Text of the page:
Nucleosomes can be inert or functional, Dr. Wilson-Robles said. Many come from dead cells, especially neutrophils and other short-lived blood cells. Others defend the body by trapping bacteria, interacting with immune cell receptors, or regulating cell replication and DNA repair.

In a healthy animal, white blood cells secrete most of the nucleosomes present in blood, she said. But cancer cells also can release them, causing spikes in the volume of specific DNA fragments.

Dr. Wilson-Robles, an associate professor and chair of comparative oncology in the Small Animal Clinical Sciences Department at TAMU's College of Veterinary Medicine & Biomedical Sciences, hopes her research can show consistency among the spikes. As the product develops, test kits based on enzyme-linked immunosorbent assays could give veterinarians results within an hour.

“So, you come in for your geriatric annual evaluation, and the lab suggests a spike,” she said. “Maybe we recommend doing additional diagnostics, and maybe you can find that bladder tumor that we didn't know they had.”

Dr. Wilson-Robles said in November it was too early to describe the sensitivity of the test. But she hopes veterinarians can use the technology in-house to screen seemingly healthy dogs or monitor dogs in remission, which are included in her team's studies.

She thinks her team can validate the assay in the first half of 2020 to create a veterinary-use screening test for dogs and gain approval from the Department of Agriculture, which regulates veterinary biologics. She anticipates that the test could be available in 2020.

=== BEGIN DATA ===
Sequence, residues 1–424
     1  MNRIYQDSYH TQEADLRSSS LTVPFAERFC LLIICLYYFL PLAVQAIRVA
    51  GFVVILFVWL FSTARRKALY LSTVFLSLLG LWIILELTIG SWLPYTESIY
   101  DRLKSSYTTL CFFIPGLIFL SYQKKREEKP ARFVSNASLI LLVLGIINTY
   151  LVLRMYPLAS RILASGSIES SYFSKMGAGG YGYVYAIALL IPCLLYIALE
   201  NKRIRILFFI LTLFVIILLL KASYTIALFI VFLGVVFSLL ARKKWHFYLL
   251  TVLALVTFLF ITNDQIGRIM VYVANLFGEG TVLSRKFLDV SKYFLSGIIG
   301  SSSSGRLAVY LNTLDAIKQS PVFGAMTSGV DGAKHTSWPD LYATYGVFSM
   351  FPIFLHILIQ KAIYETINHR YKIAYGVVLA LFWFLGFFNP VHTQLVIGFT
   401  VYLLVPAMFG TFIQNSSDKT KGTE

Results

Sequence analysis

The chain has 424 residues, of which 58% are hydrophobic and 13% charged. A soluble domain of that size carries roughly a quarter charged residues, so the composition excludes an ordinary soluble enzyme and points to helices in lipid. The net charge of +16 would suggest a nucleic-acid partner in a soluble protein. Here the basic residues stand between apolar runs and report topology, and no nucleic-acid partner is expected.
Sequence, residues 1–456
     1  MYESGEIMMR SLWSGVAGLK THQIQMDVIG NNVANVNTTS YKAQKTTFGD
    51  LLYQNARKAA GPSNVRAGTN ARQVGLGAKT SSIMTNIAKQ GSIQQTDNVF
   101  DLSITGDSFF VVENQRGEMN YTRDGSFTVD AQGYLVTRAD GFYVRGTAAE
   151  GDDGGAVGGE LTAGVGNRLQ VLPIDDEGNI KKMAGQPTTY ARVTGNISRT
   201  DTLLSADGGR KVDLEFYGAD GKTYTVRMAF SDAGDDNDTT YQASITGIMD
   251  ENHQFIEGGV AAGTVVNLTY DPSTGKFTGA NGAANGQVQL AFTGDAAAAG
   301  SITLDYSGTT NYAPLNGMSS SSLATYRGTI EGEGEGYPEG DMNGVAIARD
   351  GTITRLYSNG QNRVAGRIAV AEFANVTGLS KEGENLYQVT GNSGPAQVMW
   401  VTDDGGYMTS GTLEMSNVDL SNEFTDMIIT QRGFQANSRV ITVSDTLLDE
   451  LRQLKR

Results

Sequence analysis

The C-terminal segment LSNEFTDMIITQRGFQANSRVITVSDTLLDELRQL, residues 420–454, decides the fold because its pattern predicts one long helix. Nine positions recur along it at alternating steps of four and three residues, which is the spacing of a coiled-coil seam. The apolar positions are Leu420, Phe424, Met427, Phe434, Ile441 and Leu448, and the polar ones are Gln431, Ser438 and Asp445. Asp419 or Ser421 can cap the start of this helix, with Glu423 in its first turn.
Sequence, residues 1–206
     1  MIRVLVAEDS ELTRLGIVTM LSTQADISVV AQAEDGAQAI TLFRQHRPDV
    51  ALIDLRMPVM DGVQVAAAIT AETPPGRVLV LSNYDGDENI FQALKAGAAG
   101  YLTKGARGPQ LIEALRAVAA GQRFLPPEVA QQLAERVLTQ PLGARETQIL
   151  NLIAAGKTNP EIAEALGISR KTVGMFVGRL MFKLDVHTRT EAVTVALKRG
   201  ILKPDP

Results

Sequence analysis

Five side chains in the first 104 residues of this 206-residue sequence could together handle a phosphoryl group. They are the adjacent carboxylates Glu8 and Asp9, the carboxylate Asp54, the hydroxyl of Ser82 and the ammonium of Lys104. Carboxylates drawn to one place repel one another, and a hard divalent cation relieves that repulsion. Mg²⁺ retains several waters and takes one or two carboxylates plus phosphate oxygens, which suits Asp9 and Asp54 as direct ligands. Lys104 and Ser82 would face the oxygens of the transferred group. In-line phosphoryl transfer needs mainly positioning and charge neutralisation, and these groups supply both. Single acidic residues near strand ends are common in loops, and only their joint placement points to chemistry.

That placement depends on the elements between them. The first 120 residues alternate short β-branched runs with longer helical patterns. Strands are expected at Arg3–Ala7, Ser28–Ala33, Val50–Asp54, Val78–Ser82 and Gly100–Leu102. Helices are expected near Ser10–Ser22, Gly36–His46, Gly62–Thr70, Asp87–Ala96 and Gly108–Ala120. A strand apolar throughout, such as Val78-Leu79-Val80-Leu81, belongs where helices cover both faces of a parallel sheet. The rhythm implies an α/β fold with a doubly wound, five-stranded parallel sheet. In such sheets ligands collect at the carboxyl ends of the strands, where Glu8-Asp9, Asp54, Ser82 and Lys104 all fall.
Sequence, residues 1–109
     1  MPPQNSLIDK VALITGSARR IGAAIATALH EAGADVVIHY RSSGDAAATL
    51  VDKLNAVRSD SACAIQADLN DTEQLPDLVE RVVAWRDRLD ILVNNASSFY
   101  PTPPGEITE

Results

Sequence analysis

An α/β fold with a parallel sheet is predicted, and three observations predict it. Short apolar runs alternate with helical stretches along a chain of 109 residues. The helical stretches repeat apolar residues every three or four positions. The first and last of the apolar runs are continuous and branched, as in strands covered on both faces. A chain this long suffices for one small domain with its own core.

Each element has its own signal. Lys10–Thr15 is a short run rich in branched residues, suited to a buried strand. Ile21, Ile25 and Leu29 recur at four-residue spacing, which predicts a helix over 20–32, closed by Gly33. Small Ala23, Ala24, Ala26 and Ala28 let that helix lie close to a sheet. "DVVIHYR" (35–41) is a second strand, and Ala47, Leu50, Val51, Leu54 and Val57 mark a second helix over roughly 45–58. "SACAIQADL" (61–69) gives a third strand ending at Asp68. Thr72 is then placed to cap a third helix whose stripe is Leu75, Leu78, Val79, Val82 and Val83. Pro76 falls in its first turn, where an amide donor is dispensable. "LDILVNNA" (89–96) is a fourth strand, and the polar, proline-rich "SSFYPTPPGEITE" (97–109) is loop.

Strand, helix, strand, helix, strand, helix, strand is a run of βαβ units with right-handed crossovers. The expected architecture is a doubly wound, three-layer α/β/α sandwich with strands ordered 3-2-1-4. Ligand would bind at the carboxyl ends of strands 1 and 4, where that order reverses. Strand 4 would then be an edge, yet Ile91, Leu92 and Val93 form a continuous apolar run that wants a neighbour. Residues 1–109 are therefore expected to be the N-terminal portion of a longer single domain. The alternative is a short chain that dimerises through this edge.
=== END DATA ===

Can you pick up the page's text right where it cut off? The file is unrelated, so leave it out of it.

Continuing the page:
Texas A&M agreed to conduct the research in exchange for a 12.5% stake in Volition's veterinary products, according to company information. Most of Volition's work focuses on cancers common in humans, such as colorectal, lung, prostate, and pancreatic cancer.

In Volition's filing with the U.S. Securities and Exchange Commission for the third quarter of 2019—published in November for the period ending Sept. 30—Volition executives indicated the company was losing money, creating doubt whether it could survive another year without more income, loans, or investments. Volition had its first product revenue that quarter, when it started selling research use-only screening kits and analyzing diagnostic samples.

Along with stock purchases, a grant, and a loan, that income helped Volition finish the quarter with about $20 million in cash or equivalents, up from $18.5 million three months earlier. The company has had $86 million in losses since its inception, the filing states.

Volition's SEC filing from November indicates the company plans to launch its human medicine products in Europe and Asia, followed by the U.S. and other regions. It also notes the trials in veterinary medicine and efforts to enter that market.

The report says the U.S. has the world's largest veterinary market and has a well-defined regulatory pathway for veterinary diagnostics through the Department of Agriculture, whiche requires fewer and smaller clinical studies than the Food and Drug Administration process for human-use diagnostics.

“This generally allows a much faster route to revenue for veterinary products as compared to human products,” the report states.